October 5, 2020 – Portal for Reporting How Relief Money Was Spent Opens Jan. 15 — With a Change

The HHS portal will be open for 30 days, and providers have to adopt a new way of calculating revenues lost due to the pandemic. As APTA reported on Sept. 23, the U.S. Department of Health and Human Services is continuing to provide details on how providers who received relief funds need to account for how the money was spent, with the latest details including a change in how lost revenue should be calculated. That shift has raised concerns, with critics saying that the new approach may increase the number of recipients who have to return funds, and could make it hard for some smaller businesses to even come up with the calculations in the first place.

The change is part of a recently announced shift in HHS’ plans for how relief fund recipients are to report use of the money, from a quarterly reporting system to a one-time accounting delivered via an online portal. HHS later confirmed that the portal will open on Jan. 15. Feb. 15 will be the first reporting deadline for all providers on the use of funds, and July 31 will be the final reporting deadline for providers who did not fully expend the funds before Dec. 31, 2020.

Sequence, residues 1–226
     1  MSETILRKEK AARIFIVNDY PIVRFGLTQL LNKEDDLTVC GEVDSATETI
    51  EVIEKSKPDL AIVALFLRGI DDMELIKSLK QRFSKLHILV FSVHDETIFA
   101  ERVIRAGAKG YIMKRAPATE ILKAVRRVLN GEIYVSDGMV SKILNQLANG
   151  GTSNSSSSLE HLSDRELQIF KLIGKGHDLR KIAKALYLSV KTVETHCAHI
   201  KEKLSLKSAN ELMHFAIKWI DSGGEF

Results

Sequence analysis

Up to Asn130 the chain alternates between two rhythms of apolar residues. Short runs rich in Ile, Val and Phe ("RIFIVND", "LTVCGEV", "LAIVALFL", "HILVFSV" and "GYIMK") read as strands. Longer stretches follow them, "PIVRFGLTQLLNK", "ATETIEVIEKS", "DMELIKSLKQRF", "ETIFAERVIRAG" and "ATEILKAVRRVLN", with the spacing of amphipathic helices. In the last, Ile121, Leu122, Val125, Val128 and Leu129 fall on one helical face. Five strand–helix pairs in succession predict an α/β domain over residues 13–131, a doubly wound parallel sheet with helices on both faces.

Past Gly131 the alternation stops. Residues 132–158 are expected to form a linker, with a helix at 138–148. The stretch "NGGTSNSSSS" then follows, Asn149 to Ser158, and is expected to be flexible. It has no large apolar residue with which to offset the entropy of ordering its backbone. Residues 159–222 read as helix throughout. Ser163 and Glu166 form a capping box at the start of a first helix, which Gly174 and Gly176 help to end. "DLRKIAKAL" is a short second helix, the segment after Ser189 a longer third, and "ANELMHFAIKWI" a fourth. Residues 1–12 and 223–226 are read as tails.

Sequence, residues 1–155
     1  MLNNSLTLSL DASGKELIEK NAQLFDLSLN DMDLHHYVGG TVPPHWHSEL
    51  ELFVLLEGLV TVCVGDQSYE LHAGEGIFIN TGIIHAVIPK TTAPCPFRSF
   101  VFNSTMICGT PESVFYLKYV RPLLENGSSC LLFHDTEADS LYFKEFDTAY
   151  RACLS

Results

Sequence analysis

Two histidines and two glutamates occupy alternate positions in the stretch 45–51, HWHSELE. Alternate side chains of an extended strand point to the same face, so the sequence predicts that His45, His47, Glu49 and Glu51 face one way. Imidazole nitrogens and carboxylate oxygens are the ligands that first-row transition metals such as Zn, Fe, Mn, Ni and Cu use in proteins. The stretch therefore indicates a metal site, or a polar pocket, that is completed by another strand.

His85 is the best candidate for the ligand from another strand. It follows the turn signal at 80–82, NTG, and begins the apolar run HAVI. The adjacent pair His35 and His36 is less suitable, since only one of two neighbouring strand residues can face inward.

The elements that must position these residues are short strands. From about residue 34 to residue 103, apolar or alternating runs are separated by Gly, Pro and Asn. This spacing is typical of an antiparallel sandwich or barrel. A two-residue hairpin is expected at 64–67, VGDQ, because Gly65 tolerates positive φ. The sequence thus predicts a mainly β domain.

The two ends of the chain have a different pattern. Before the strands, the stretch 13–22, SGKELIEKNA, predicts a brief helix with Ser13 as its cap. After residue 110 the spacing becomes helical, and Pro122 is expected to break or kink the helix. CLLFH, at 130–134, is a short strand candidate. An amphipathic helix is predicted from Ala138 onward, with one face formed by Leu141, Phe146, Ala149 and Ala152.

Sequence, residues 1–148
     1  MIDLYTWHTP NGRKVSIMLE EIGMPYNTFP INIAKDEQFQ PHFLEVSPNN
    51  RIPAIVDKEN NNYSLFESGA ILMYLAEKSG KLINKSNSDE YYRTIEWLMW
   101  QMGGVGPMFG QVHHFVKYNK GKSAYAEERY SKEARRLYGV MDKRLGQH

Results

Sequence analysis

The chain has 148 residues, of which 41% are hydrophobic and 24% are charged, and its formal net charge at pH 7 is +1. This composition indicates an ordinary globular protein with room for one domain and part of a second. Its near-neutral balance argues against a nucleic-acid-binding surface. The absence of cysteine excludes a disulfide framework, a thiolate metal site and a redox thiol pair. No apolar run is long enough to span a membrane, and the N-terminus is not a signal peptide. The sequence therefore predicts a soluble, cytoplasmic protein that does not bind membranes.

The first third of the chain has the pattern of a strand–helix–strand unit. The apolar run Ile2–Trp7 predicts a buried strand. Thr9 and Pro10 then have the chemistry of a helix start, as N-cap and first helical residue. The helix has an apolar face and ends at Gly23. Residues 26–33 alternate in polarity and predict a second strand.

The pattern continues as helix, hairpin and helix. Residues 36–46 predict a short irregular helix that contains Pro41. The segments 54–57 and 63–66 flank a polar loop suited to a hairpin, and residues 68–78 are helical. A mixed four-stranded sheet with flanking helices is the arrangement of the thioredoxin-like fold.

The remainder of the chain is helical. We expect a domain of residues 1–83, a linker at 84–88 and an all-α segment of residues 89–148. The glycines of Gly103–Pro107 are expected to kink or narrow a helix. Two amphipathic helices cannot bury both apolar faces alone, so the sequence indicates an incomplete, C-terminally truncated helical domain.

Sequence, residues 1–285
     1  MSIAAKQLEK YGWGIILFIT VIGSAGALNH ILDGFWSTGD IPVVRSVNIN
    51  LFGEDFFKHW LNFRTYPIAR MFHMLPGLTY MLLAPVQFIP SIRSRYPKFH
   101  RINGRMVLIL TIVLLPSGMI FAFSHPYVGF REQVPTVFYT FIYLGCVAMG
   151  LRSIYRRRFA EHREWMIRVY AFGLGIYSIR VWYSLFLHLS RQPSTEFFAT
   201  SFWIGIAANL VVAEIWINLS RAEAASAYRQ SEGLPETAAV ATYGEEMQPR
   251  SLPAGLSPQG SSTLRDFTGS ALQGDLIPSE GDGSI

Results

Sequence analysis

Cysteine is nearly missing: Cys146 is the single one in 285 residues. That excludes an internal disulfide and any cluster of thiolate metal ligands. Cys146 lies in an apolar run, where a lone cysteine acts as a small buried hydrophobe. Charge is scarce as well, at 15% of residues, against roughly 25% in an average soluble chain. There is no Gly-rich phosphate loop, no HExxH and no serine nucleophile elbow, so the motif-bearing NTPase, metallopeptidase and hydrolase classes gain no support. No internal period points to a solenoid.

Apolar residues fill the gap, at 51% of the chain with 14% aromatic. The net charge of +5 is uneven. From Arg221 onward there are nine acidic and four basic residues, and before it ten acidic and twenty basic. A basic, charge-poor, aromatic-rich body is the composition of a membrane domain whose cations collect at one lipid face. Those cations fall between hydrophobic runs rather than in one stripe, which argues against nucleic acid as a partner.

Information providers can expect to provide for the reporting requirements include lost revenues, expenses attributable to coronavirus, basic organization information, other assistance received in 2020, and non-financial information (employees, patients, etc.).

Among the reporting requirements released with the updated guidance on Sept. 19 is a change that has sparked criticism from the American Hospital Association and other organizations — a new definition of “lost revenue” no longer based on revenue lost due to the pandemic, but instead represented as a negative change in year-over-year net patient care operating income.

According to a letter submitted to HHS by AHA, the new formula is “unfair and unrealistic.” AHA believes organizations that moved aggressively to reduce costs during the pandemic may find that the comparison between 2019 and 2020 reflects a difference that’s lower than the payments they received, requiring them to return money to HHS. The AHA letter states that this problem is likely to affect “rural hospitals and those serving high numbers of low-income, elderly, and severely ill patients, particularly in vulnerable communities.”

Regularly check the HHS CARES Act Provider Relief Fund webpage, and sign up to receive HHS press releases, an option available at the bottom of the HHS News webpage.